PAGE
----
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Trans R Soc Trop Med Hyg. 1990 May-Jun;84(3):422-4.

Survival of toxigenic Vibrio cholerae O1 with a common duckweed, Lemna minor, in artificial aquatic ecosystems.

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Department of Tropical Hygiene, London School of Hygiene and Tropical Medicine, UK.


Cholera epidemics occur twice a year in Bangladesh. During epidemics, Vibrio cholerae O1 are isolated from patients, as well as from the surface water, but the bacteria disappear during inter-epidemic periods. Their reservoirs or sites of survival and multiplication during inter-epidemic period are still unknown. The present survival study in the laboratory explored the role of an aquatic plant, Lemna minor (duckweed), as a possible reservoir. L. minor was added to sea-salt solution at pH 8.5, containing V. cholerae. Survival of V. cholerae on L. minor, in water on which L. minor was floating, and in control water (without L. minor) was monitored at regular intervals. Survival of both environmental and clinical strains of V. cholerae was assessed by viable counts on thiosulphate-citrate-bile salt-sucrose agar. It was observed that both strains survived better on L. minor than in water on which L. minor was floating or in control water. It is suggested that plants may serve as an effective environmental reservoir for V. cholerae either through a non-specific association or by interaction with V. cholerae in commensal relationship.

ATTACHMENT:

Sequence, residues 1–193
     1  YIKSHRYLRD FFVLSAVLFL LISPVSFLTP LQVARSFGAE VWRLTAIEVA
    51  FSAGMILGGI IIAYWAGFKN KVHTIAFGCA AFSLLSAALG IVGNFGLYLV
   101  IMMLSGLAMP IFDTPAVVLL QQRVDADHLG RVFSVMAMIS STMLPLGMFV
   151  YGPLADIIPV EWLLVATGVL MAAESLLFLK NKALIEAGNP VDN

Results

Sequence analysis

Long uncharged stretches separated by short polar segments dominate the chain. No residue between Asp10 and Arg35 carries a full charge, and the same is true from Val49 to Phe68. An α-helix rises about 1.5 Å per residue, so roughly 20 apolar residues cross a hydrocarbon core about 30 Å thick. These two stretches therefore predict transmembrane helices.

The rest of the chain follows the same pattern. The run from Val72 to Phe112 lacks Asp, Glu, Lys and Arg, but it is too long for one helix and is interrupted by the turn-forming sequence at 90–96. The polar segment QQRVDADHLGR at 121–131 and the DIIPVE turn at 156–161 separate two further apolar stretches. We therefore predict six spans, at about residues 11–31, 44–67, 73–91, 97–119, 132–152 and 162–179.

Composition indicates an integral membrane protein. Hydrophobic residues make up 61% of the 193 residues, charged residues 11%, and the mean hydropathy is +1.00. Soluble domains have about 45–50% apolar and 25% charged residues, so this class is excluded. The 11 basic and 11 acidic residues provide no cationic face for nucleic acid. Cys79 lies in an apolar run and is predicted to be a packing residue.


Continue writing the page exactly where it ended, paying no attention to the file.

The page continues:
[Indexed for MEDLINE]

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